Political economist Blair Fix sicks a word-counting bot on a corpus of 43 undergraduate economics textbooks and compares the results to the Google books corpus. He’s reports which words are over and underrepresented in the textbooks in his essay Deconstructing Econospeak.
What’s most interesting about econospeak is not what it includes, but what it excludes. Economics textbooks underuse a large portion of the English language. Let’s have a look at this underuse.
We’ll start with the ‘under-represented’ quadrant. These are words that are used frequently in economics textbooks, but still less than in average English. Figure 9 shows the most under-represented words. Here, a larger font indicates more underuse.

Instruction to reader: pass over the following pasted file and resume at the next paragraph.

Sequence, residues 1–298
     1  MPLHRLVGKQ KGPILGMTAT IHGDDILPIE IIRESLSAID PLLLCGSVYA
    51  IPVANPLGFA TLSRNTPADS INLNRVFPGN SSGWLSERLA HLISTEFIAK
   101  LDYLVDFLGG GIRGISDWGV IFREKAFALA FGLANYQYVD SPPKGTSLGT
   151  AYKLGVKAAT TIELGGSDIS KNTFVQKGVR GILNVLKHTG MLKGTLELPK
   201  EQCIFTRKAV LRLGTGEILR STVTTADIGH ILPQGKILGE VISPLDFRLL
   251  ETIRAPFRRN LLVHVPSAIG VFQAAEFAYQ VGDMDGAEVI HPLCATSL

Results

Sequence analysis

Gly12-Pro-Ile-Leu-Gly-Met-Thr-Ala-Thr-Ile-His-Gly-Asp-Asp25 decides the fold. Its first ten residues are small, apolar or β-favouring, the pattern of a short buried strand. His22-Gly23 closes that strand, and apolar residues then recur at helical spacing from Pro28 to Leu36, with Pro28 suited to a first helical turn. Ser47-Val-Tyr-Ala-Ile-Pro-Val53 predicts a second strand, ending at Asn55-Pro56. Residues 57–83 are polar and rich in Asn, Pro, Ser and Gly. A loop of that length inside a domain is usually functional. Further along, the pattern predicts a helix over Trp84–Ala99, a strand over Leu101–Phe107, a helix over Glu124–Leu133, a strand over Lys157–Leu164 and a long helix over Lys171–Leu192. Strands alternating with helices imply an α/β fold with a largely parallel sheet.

After compiling a couple of E.E. Cummings-esque sentences from the core “non-economist” language, Fix observes: “Economists pay attention to competition between groups, but not to the bureaucratic dynamics within groups.”
If you enjoy Fix’s deconstruction of economists’ language or, more generally, musing about word games, check out Wittgenstein’s take on how words enact and obscure our claims to truth and objectivity.